The second theme would be, doctrinal.   Doctrinal letters, or sections thereof, deal with matters of faith.  In these sections, Paul tells his congregations what Christians should believe, or do believe.  He explains the fundamentals of the faith.  These are the sections that will particularly concern us.  My primary interest is to discover what the earliest Christian communities knew about Jesus, what they believed about Jesus, and what they thought it meant to be a follower of Jesus.  Bear in mind, that, in Paul’s day, the term “Christian” hadn’t been invented.

1 Thessalonians is, primarily, a pastoral letter.  It does not specifically deal with articles of faith.  The primary focus is to remind the Thessalonians, the residents of the Greek city of Thessalonika–which still exists, now simply called “Salonika”–that they are followers of Jesus, and to fortify them in their faith.  However, despite the primary emphasis, the letter contains a certain amount of incidental doctrine, things that the followers of Jesus believed.

Remember: this is probably the earliest piece of Christian writing in existence (“extant”, in the language of historians).

1 Παῦλος καὶ Σιλουανὸς καὶ Τιμόθεος τῇ ἐκκλησίᾳ Θεσσαλονικέων ἐν θεῷ πατρὶ καὶ κυρίῳ Ἰησοῦ Χριστῷ: χάρις ὑμῖν καὶ εἰρήνη.

Paul, Silvanus, & Timothy, to the church of the Thessalonians, in the name of God the father, and the Lord Jesus Christ, we [wish] you grace & peace.

Again, bear in mind that this is probably the earliest extant piece of Christian writing.  Already, Jesus is a) our lord; and b) the Christ.

Here we have our first bit of doctrine.  He specifically calls Jesus the “Christ”.  In Greek, this literally means ‘anointed one’, which is more or less the translation of  “messiah” in Hebrew or Aramaic, whichever it is.  Already, apparently, the idea of Jesus the Christ had become a foundation stone of Christian belief.

2 Εὐχαριστοῦμεν τῷ θεῷ πάντοτε περὶ πάντων ὑμῶν, μνείαν ποιούμενοι ἐπὶ τῶν προσευχῶν ἡμῶν, ἀδιαλείπτως

We give thanks to God for all of you(r activities), ceaselessly making mention of your deeds in our prayers.

Here is where we get to the pastoral theme.  This is a congregation that Paul organized, if he didn’t exactly start it from scratch.  He is grateful to them for remaining true to the word, and he is proud of them, as we shall see more explicitly.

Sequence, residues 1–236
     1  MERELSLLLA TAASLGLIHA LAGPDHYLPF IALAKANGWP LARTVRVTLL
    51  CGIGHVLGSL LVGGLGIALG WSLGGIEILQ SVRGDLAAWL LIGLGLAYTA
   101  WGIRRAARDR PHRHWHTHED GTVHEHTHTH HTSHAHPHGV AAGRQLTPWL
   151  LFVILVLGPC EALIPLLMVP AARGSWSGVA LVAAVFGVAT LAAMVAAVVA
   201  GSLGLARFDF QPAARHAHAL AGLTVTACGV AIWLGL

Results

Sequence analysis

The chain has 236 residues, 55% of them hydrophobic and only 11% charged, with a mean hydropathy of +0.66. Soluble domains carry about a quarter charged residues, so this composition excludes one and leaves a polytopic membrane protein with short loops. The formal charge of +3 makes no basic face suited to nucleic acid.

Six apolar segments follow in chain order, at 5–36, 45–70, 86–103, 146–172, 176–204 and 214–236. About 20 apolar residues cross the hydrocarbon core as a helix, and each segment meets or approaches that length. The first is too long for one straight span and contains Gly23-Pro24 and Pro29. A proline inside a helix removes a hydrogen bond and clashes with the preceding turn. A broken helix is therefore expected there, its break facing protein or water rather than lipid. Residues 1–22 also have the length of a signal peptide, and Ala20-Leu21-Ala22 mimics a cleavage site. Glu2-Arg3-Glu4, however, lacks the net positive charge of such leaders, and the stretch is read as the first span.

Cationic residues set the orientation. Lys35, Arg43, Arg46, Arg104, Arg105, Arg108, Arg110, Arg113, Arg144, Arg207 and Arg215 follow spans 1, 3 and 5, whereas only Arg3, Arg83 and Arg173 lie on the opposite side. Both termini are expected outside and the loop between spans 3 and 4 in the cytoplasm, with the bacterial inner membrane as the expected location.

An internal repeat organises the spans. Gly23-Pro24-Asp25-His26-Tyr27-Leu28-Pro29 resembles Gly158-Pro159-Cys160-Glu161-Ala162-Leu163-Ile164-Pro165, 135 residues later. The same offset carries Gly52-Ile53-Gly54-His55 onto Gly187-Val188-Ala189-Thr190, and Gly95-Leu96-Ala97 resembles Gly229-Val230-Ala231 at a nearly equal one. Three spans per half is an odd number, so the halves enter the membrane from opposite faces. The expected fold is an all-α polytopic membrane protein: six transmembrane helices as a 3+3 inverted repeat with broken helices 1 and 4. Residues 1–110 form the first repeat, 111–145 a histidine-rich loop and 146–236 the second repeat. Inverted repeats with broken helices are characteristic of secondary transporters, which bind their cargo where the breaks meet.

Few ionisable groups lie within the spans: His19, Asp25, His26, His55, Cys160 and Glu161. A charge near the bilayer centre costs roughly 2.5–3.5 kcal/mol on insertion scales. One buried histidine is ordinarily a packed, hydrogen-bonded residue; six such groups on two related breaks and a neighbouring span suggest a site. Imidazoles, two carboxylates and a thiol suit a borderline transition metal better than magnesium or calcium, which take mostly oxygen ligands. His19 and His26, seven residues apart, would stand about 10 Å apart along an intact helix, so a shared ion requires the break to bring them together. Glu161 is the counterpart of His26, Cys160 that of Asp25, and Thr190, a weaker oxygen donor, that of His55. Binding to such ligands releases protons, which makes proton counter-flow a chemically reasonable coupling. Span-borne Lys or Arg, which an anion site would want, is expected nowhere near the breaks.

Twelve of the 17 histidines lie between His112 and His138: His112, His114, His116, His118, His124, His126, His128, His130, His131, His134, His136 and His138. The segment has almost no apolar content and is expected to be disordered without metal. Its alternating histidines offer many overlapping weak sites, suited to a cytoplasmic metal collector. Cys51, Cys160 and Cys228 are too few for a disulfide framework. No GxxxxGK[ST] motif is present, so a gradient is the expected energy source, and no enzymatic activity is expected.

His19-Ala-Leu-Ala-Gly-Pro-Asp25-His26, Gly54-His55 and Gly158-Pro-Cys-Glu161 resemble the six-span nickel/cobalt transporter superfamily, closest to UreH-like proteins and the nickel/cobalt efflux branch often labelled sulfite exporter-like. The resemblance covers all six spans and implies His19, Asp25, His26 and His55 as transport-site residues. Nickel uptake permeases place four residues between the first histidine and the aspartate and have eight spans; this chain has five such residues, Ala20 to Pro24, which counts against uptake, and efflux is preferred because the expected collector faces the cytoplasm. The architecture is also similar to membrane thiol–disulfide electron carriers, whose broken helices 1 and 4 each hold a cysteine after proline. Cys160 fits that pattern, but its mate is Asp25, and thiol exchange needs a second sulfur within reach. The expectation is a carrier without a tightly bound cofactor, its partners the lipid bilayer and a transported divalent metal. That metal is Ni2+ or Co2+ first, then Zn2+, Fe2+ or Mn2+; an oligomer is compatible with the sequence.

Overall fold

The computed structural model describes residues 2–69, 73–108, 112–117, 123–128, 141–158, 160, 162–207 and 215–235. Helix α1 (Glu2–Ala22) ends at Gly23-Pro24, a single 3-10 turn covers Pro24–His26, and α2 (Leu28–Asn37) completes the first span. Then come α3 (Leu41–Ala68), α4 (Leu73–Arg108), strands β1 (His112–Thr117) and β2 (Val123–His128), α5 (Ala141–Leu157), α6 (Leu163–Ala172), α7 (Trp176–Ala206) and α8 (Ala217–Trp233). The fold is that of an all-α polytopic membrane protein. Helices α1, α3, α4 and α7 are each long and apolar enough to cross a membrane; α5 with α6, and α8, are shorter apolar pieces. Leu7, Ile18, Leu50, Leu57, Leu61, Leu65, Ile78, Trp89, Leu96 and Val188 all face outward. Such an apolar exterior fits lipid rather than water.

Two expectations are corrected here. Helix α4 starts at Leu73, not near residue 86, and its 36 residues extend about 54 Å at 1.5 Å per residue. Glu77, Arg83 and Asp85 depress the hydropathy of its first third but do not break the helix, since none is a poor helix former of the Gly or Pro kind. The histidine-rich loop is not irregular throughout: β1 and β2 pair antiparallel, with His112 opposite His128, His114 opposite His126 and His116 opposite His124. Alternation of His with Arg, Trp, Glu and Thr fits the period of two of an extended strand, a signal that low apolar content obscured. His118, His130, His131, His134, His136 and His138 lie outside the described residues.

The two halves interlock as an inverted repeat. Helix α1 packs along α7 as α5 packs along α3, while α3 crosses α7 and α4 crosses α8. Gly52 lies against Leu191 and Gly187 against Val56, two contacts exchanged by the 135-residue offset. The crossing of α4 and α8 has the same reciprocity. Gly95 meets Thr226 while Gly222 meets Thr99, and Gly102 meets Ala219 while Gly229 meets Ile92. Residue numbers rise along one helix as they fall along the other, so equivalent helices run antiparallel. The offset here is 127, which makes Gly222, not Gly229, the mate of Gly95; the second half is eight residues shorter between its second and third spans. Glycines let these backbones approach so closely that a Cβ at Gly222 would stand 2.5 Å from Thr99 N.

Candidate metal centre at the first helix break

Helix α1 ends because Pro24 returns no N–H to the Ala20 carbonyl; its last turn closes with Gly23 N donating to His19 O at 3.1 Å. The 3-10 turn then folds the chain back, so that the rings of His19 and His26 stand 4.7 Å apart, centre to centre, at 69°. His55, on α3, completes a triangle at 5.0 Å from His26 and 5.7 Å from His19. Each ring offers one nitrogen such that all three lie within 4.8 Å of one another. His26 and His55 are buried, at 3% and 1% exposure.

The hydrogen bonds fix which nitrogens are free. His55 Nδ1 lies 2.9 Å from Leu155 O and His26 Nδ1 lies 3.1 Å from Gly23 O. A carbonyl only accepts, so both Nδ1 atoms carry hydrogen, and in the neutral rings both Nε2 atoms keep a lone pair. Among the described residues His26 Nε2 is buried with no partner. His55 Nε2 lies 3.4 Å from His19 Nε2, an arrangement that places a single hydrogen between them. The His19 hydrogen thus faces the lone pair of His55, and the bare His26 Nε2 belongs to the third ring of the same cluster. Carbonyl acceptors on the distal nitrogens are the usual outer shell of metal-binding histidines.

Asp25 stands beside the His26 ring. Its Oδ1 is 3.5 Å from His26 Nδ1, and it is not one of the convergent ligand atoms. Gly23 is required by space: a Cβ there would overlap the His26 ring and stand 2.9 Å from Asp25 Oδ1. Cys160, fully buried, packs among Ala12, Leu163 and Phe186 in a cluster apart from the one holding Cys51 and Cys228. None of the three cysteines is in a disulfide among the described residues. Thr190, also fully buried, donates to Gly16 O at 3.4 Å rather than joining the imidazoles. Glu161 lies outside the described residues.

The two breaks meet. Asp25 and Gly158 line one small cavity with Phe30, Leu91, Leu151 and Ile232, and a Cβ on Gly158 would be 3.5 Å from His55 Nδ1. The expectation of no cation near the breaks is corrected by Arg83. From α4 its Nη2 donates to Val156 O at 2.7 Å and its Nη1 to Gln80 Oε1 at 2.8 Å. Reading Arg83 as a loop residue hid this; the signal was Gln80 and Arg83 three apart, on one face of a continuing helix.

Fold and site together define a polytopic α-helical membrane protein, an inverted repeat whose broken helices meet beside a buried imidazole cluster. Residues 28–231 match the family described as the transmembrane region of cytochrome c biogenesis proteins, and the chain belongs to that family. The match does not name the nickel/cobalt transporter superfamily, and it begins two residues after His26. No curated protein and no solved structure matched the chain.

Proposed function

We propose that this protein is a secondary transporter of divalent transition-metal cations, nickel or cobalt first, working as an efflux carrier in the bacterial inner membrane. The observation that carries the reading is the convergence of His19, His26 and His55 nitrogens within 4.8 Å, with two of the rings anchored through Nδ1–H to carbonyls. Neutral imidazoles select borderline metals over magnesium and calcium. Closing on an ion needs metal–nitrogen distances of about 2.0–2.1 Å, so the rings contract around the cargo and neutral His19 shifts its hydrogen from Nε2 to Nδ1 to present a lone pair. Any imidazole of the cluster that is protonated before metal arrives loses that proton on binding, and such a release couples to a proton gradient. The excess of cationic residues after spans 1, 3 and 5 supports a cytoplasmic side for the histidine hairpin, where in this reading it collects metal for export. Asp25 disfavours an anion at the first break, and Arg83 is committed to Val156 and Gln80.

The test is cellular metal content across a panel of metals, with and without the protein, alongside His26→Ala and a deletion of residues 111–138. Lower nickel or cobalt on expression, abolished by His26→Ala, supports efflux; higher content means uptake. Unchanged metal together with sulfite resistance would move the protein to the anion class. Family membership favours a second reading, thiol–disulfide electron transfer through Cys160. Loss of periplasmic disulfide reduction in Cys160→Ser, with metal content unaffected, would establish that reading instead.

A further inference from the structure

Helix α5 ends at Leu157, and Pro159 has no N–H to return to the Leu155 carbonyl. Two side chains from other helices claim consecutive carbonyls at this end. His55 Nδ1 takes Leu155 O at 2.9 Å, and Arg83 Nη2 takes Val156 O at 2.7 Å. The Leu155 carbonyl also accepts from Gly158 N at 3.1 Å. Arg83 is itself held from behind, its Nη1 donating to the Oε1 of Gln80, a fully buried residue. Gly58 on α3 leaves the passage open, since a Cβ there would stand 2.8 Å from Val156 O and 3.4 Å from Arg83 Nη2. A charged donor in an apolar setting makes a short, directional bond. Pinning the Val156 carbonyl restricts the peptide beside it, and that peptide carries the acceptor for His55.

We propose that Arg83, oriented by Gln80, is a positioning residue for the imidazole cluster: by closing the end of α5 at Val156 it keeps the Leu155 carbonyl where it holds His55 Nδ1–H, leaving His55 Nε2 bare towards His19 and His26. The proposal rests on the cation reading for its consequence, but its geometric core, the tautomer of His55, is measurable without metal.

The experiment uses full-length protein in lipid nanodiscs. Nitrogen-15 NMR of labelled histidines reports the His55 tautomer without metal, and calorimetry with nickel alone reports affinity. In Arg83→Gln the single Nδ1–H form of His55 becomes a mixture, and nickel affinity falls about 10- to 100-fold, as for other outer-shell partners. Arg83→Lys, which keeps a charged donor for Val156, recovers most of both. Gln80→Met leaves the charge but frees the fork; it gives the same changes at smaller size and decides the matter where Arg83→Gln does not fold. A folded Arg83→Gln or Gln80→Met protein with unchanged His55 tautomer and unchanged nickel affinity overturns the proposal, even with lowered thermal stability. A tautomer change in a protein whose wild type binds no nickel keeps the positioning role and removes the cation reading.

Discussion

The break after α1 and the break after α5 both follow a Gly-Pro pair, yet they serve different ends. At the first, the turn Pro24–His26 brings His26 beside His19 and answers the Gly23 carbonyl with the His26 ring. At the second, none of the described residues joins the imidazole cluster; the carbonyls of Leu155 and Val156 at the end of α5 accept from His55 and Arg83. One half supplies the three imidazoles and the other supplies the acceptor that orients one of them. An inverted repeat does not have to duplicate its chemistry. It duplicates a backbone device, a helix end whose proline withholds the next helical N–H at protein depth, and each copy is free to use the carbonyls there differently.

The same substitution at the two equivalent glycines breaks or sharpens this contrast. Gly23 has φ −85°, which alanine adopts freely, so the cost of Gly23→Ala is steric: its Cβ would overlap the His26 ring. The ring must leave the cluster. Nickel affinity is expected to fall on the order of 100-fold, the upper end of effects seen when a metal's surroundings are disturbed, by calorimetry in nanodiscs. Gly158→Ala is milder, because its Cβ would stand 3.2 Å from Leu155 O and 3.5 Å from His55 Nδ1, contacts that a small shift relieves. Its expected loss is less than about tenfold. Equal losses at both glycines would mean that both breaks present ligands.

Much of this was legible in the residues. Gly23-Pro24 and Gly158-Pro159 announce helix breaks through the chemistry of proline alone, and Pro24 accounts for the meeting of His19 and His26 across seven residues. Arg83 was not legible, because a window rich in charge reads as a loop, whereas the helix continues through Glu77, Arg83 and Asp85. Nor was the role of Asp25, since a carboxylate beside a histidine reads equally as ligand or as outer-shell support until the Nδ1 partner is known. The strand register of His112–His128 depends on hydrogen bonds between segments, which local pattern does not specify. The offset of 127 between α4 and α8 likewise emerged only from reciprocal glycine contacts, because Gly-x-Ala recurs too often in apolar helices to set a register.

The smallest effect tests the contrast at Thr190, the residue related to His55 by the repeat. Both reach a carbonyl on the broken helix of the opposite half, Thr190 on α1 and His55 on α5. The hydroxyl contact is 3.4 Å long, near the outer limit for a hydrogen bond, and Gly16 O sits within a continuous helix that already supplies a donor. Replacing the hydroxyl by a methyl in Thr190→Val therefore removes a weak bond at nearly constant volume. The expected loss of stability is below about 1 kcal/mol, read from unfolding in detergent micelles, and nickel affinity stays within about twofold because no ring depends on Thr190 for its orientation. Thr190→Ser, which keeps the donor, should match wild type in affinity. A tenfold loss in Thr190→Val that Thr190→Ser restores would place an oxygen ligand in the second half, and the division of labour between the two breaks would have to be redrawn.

2 Gratias agimus Deo semper pro omnibus vobis, memoriam facientes in orationibus nostris, sine intermissione;

3 μνημονεύοντες ὑμῶν τοῦ ἔργου τῆς πίστεως καὶ τοῦ κόπου τῆς ἀγάπης καὶ τῆς ὑπομονῆς τῆς ἐλπίδος
τοῦ κυρίου ἡμῶν Ἰησοῦ Χριστοῦ ἔμπροσθεν τοῦ θεοῦ καὶ πατρὸς ἡμῶν,

Remembering your works of faith, and your labors of love and your patience of hope in our lord Jesus Christ before God our father, 

Works of faith. This is a interesting concept, one that foreshadows themes to come. Our Lord Jesus Christ is repeated, and God the Father has been used.  God as the father is an extremely widespread notion among a lot of pagan religions. However, I believe that this was something rather new in Judaism, which is why the prayer “Our Father” as taught by Jesus in the gospels was somehow startling, or at least a bit new. But, since this use predates the gospels by at least a decade, we have to ask if it was actually Jesus’ idea.  

Remember, by his own testimony in Galatians, Paul never met Jesus.  As such, Paul did not get this concept directly from Jesus.  So we have to conclude, I believe, that Paul’s usage indicates that it was fairly common among at least some Jews at the time.

And the phrase “patience of hope” in Jesus is interesting.  What are they hoping for? We do not know yet.  This phrase speaks to assumptions, but we, hearing these first words of Christianity, do not know what the hope is.

3 memores operis fidei vestrae et laboris caritatis et sustinentiae spei Domini nostri Iesu Christi ante Deum et Patrem nostrum;

4 εἰδότες, ἀδελφοὶ ἠγαπημένοι ὑπὸ [τοῦ] θεοῦ, τὴν ἐκλογὴν ὑμῶν,

knowing, brothers, that you are loved by God, (knowing of his) selection of you

 Here we get the idea of a loving god. Not altogether something common from the Hebrew Scripture.  The term “chosen” will have significant implications later, especially in Romans.  But what is notable is that God has chosen the Thessalonians, and, by extension, all Christians.  That is, the initiative belongs to God.  The Thessalonians/we as Christians did not choose God.

But at this point, ‘chosen’ is still a fairly neutral term.     

4 scientes, fratres, dilecti a Deo, electionem vestram,

5 ὅτι τὸ εὐαγγέλιον ἡμῶν οὐκ ἐγενήθη εἰς ὑμᾶς ἐν λόγῳ μόνον ἀλλὰ καὶ ἐν δυνάμει καὶ ἐν πνεύματι ἁγίῳ
καὶ [ἐν] πληροφορίᾳ πολλῇ, καθὼς οἴδατε οἷοι ἐγενήθημεν [ἐν] ὑμῖν δι’ ὑμᾶς.

His selection of you that [my] evangelizing of you [lit: toward you] was not in words only, but also in power and in the holy spirit and in the great full-bearing, just as you know how we were {[ἐν] ὑμῖν δι’ ὑμᾶς} among you, and with you. [how we behaved when we were with you and among you]

Here, the Greek is a bit awkward, especially in the final clause. So I’ve given the literal, and then smoothed it out at the end.